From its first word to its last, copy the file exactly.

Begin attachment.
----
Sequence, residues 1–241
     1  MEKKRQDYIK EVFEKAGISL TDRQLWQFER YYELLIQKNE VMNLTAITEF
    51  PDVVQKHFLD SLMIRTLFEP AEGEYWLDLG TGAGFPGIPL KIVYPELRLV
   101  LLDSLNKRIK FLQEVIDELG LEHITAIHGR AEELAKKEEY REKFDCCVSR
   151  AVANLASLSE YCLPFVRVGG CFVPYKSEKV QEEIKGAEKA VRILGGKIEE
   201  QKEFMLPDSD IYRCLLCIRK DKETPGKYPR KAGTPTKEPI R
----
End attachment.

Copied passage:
Sequence, residues 1–241
     1  MEKKRQDYIK EVFEKAGISL TDRQLWQFER YYELLIQKNE VMNLTAITEF
    51  PDVVQKHFLD SLMIRTLFEP AEGEYWLDLG TGAGFPGIPL KIVYPELRLV
   101  LLDSLNKRIK FLQEVIDELG LEHITAIHGR AEELAKKEEY REKFDCCVSR
   151  AVANLASLSE YCLPFVRVGG CFVPYKSEKV QEEIKGAEKA VRILGGKIEE
   201  QKEFMLPDSD IYRCLLCIRK DKETPGKYPR KAGTPTKEPI R